I purchased everything we needed and head to the bakery for fresh breakfast danish (Zack's favorite of late). I ask a woman if the ones out are the freshest as my son is in Hospital and can't leave for food. She assures me they are and starts telling me about her daughter, aged 48 who is being cared for by Hospice. She has a rare blood disorder. I listen as she shares her grief of loosing a child and try my best to hold it together. This is about HER not ME! Zack is fine, he is doing well, I must keep reminding myself of this whenever I hear others stories. I wish her the best and head out to meet with Rhonda. While waiting at the entrance of the restaurant for Rhonda, I ask about their take out and see if they have hot wings (another of Zacks favorites), of course I mention the Hospital (I don't do this all the time, but at times something tells me I should and I follow my instincts). Our server, as it turns out, has liver cancer and was just recently diagnosed. She tells me that she doesn't have insurance and doesn't like her doctors who will not answer her questions or give her tests she feels she needs. Rhonda asks for a piece of paper and I write down contact information for the SECU Cancer Center, Hematologists she can call and on the bottom of the note "YOU are in control of your life NOT the Doctors". I also write about Inclusive Healthcare, which just today learned is going away in December, 2013. It seems that January 2014 we will be able to pick our own insurance and pre existing will no longer determine if you can have coverage or not. I will believe it when I see it!
Dinner is finished and I'm anxious to return to Zack. He is thrilled with his hot wings and devours a portion of the meal. All of a sudden he says he is so hot, I turn the heat down to 66 degrees and he is still sweating. I call the nurse in who checks his temperature. It is 99 degrees F (37.2 Celsius . I then remember and tell her of the chills. She calls the Doctor and is advised to take blood from his port. It wasn't until the next morning (today) that we learn the reasoning for all of this. I felt like I was hit by a 2 x 4 smack dab in the middle of my face! There was a possibility of infection in the port line , should this ever occur there are two ways to handle it. First we would have to bring Zack home and they would show us how to flush out his port with antibiotics. If this didn't work, he would need another surgery to remove and reinsert a new port. Luckily, his fever didn't last long at all, by 2 am he was 98 F (36.6 C) and by 10 am he was 96 F (35.5 C) degrees. These numbers may seen low to the "normal" person, but someone undergoing chemo and who usually has a low temperature, it was high.
As the evening winds down, Zack finally manages to fall asleep. It took me a little while to feel like I didn't have to hover and the nurses assured me that they would wake me if anything changed. Zack didn't get much sleep as he was up every few hours, but he woke up in a pretty good mood. I had decided to wait to go to work until the Doctor came in. I wanted to make sure everything came out well with regards to the blood tests. She said there is no sign of infection and his counts were still good after the first day of chemo. They are going to bump up his time by an hour each day so we are able to get out early Saturday evening.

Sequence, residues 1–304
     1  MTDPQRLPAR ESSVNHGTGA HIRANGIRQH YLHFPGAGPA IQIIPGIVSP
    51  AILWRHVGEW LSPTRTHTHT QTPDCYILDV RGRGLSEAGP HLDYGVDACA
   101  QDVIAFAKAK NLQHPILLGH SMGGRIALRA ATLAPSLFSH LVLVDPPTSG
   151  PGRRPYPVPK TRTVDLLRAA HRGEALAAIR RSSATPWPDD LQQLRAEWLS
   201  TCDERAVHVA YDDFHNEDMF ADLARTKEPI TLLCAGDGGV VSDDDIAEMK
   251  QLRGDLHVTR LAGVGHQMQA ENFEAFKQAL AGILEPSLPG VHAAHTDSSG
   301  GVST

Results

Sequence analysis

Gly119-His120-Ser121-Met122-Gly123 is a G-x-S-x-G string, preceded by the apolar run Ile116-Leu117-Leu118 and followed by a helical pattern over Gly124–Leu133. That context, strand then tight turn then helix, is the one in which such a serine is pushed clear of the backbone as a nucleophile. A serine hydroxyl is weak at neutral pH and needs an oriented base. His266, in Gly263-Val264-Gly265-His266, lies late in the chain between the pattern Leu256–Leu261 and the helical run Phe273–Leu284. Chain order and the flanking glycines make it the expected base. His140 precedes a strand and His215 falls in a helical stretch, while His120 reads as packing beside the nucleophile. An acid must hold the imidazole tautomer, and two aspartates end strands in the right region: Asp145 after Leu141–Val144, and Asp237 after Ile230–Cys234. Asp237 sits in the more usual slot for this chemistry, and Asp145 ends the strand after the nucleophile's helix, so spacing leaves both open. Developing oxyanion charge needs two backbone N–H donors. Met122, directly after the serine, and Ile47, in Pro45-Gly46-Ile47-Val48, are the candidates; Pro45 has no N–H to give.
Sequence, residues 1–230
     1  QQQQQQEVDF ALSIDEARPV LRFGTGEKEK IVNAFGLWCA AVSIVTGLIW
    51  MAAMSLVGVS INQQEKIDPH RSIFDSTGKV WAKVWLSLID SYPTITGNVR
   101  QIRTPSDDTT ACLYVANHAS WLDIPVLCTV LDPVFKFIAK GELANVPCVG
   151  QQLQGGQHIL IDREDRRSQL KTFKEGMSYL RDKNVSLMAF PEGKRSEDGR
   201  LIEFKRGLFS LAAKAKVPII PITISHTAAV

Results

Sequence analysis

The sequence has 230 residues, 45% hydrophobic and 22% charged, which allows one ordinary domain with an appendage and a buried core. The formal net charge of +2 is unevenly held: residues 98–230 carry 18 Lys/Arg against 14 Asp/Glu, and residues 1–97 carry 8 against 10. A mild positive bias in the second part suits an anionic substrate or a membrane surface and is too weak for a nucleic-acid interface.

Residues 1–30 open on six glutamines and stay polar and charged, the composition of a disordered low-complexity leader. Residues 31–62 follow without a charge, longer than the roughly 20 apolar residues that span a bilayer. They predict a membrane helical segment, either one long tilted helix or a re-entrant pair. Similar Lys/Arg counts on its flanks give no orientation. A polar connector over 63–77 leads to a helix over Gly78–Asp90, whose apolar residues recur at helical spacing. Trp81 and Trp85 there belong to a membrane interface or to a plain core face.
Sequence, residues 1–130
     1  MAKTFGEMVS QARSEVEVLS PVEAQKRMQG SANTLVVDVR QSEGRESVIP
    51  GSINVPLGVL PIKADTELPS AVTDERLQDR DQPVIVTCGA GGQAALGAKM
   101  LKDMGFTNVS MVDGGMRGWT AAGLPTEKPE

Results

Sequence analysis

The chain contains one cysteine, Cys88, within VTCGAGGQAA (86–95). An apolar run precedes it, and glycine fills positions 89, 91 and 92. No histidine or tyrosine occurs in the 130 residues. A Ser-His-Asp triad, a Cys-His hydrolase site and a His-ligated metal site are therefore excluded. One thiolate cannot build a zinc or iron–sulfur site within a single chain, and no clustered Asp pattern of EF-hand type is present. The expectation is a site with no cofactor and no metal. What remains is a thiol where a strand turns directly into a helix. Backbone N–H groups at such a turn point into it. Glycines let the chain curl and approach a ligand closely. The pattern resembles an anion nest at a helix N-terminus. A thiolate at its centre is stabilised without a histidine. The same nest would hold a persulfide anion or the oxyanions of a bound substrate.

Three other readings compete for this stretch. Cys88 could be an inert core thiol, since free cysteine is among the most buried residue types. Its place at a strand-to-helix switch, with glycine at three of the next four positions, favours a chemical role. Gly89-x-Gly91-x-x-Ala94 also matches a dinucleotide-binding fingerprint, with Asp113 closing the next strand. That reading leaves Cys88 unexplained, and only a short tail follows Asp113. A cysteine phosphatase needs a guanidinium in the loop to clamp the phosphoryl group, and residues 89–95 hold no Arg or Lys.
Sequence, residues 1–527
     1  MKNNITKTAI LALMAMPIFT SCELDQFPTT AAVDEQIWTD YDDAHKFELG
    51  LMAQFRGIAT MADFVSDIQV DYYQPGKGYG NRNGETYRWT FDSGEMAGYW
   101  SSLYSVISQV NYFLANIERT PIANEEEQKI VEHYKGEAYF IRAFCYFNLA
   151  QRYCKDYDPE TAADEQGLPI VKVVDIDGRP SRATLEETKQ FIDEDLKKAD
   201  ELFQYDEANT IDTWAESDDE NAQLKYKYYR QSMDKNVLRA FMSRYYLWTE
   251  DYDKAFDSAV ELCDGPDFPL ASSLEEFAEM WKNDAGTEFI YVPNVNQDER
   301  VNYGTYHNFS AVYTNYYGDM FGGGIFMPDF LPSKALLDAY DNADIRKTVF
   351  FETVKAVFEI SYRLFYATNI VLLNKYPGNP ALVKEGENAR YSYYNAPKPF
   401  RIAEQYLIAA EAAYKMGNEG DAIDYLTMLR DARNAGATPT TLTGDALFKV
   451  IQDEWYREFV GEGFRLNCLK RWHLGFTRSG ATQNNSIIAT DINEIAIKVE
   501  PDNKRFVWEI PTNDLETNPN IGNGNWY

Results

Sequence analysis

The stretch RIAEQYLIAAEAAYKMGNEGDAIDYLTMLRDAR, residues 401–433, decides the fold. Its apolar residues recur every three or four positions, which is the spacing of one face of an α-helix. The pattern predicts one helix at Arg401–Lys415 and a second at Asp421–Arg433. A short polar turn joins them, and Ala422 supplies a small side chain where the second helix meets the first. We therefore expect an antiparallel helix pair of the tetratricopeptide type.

Zack tells me he will be fine, though a part of me feels like he wants me to stay. I give him the option, I know if I need to I can call work and they would be fine with me staying the day. He says "it's up to you Mom." I tell him that he needs to be 100% honest with me and he says he is probably just going to sleep and watch movies. So I decide to head out. Missing one day at work can set me back several hours and I would rather not miss an entire day. It wasn't until I was in the car that I see a text from my boss and Jess telling me it's okay not to come in. By that time I had already said my goodbyes and felt I needed to go in to the office. I guess I should have listened to my gut. I wasn't much use to anyone and managed to make things worse at work. At some point during the day two of Zacks friends from his Boy Scout days come by the office. He was involved in Scouts with them since they all first started in 1st grade. I see them and it takes everything in my being not to cry on the spot. Here are two young, healthy kids, bouncing in with such energy and excitement, going to school, dating, working. I remember back when they all would camp together, have fun together and yes have the occasional fight. Our reality hits me again as one asks if we are having our annual Super Bowl Party? A part of me wants to say "who cares?", but I just look at him and say "if we aren't in Hospital". He just stands there and looks at me as if trying to find words, not wanting to make him uncomfortable, I wink and tell them to take care of themselves and as quickly as they entered they left.
I ended the day promising to get my shit together and give it my all! Since Frank was already with Zack tonight and I'm going to stay with him tomorrow until we come home, I decided to stay late and get everything caught up. As usual, when it's quiet I can do the filing, recording and overall clean up of the files. Doc Nancy had already sorted through most of the files and had separate piles ready for me to conquer. By 8:30 pm I had accomplished what would have taken me all day, while checking in patients and answering the phones.
I checked in on Zack several times throughout the day and he did very well considering. The nausea is again very bad and taking the usual medicine only helps to a certain degree. The best part of every day is we have a chance to make tomorrow a better one, with new hopes and maybe after a good night sleep, our lives won't seem like it sucks as much as it did today!